The attitude that continuous casting commenced after the metal was delivered to the tundish, also presupposes that the metal is of a proper composition and temperature for casting. During the past decade, however, research has established that while normal smelting and refining processes produce metal of proper specification with respect to major constituents and impurities, they accomplish little towards removing interstitial impurity gases such as hydrogen, oxygen, and nitrogen. Since it is now well establishedthat these interstitial impurities can have such deleterious efiects as embrittlement, crack initiation, and delayed failure, a great number of processes have been developed to effect the removal of these elements. Most of the processes so developed to date involve some sort of vacuum treatment, either pouring from one ladle to another under vacuum conditions, actual casting of ingots under vacuum, or in the case of highly reactive spaceage metals such as titanium, zirconium, and hafnium, carrying out the entire refining process under a high vacuum.

3,050,798 Patented Aug. 28, 1962 "ice Since all of these vacuum treatments are inherently batch-type discontinuous operations, and since they also involve a temperature drop in the molten metal, there has been little eifort made to adapt vacuum degassing operations to continuous casting.

It is a further object of my invention to provide. for continuous degassing of the metal stream as it flows into the tundish of a continuous casting unit. It is a still further object to provide a process for making continuous cast metal products substantially free of interstitial gaseous impurities such as hydrogen, oxygen and nitrogen.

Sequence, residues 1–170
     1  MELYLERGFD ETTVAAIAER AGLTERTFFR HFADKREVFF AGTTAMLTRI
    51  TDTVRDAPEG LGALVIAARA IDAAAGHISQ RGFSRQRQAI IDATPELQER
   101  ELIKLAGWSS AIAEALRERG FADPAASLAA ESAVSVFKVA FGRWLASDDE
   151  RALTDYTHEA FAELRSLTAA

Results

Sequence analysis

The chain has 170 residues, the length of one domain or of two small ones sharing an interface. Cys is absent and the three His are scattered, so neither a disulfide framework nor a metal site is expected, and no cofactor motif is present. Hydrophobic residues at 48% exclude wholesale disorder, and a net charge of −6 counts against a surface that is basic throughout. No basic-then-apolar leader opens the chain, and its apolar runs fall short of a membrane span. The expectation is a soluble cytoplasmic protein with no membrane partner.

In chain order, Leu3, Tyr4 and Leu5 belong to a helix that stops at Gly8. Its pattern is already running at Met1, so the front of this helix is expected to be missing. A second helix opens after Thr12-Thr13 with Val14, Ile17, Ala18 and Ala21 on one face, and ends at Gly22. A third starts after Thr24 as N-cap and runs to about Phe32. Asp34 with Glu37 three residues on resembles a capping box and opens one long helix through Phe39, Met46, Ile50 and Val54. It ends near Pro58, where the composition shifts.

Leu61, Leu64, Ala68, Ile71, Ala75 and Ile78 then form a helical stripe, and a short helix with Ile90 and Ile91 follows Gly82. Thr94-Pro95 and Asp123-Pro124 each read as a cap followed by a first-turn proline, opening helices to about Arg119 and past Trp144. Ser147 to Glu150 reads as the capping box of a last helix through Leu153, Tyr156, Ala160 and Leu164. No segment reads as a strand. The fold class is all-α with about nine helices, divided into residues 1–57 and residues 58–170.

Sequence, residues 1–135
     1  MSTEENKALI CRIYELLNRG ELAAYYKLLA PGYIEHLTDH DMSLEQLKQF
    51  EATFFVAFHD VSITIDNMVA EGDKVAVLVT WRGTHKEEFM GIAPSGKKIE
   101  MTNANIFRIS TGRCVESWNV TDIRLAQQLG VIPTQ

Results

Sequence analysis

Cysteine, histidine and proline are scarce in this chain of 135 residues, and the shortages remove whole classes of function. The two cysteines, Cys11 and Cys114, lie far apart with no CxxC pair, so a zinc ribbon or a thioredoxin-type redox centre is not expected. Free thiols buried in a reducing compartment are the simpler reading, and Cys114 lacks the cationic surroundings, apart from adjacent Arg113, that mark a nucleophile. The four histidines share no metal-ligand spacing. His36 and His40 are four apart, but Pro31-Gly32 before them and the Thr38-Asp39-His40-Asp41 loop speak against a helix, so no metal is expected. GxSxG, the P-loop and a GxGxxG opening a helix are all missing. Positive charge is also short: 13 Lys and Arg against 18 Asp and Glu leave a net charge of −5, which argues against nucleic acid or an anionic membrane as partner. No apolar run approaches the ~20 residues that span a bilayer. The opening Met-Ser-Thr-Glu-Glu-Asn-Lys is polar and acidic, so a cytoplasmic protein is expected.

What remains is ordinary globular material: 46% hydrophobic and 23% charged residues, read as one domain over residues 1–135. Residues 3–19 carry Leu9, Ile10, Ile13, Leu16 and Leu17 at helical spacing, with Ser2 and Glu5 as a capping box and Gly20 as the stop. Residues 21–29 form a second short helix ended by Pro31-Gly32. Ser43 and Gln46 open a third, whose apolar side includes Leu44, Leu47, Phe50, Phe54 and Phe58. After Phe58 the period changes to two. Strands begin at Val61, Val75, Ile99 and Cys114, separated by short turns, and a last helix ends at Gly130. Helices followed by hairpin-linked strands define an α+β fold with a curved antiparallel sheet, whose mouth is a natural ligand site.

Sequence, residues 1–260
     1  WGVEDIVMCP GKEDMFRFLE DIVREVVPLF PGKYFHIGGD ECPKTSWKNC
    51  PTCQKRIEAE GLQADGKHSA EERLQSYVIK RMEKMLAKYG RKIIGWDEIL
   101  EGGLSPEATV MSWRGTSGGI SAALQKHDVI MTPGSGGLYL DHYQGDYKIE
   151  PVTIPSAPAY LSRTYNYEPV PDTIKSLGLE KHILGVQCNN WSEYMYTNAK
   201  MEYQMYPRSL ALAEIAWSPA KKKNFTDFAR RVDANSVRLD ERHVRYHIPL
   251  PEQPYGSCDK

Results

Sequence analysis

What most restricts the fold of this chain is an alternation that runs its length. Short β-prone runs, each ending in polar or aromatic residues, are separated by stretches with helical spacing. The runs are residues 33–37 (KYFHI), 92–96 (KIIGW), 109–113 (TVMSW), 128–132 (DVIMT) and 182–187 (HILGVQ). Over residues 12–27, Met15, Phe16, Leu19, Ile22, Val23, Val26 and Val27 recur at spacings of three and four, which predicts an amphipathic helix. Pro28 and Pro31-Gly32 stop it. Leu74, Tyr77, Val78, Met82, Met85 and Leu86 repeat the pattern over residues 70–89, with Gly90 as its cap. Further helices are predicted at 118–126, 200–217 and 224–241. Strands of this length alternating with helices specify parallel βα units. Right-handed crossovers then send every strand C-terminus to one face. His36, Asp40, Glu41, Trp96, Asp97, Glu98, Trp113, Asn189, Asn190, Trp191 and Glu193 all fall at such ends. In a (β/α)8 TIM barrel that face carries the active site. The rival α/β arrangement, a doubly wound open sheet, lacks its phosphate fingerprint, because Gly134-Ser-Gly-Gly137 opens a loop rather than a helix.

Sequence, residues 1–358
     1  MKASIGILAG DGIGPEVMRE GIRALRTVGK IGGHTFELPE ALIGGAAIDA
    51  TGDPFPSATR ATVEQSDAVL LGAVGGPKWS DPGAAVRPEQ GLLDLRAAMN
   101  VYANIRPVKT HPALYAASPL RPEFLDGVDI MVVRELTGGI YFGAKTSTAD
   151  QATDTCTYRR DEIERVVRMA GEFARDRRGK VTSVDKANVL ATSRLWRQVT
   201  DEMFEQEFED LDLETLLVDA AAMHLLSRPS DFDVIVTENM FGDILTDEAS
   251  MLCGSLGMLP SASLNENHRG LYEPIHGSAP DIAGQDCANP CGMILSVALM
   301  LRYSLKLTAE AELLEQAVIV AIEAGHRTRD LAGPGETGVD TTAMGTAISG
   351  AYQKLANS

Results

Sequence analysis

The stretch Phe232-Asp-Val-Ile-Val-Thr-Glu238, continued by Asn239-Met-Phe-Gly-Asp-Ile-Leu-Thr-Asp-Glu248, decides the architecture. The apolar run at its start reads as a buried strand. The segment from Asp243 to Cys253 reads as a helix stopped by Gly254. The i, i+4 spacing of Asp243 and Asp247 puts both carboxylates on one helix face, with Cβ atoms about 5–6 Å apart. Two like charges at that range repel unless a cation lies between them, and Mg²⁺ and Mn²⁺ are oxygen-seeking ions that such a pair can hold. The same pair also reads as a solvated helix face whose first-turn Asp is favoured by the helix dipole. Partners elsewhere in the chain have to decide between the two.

In essence, my invention consists of a continuous castting unit equipped with a vacuum bell, thetundish being fed by an open trough leading from a siphon that extends through the side of the bell into a feed-control ladle. In operation, metal from the ladle is drawn up through the siphon by means of the vacuum inside the bell and delivered to the tundish through the open trough. The rate of delivery of metal into the tundish is directly proportional to the degree of vacuum maintained in the bell, and is set to correspond to the rate of removal of the cast metal from the bottom of the tundish. A Teflon (trademark) collar connects the tundish support with the vacuum-bell support, allowing the necessary oscillation of the tundish While still maintaining the desired degree of vacuum. While the metal is traversing the open trough and falling into the tundish it is in direct contact with the reduced pressure maintained inside the bell, and gases such as hydrogen, oxygen, and nitrogen contained in the metal are immediately drawn into the atmosphere and thence into the vacuum manifold system.

It is believed that the process and apparatus of my invention may be best understood by referring to the figure which shows a side view, partly in section, of one embodiment of my invention.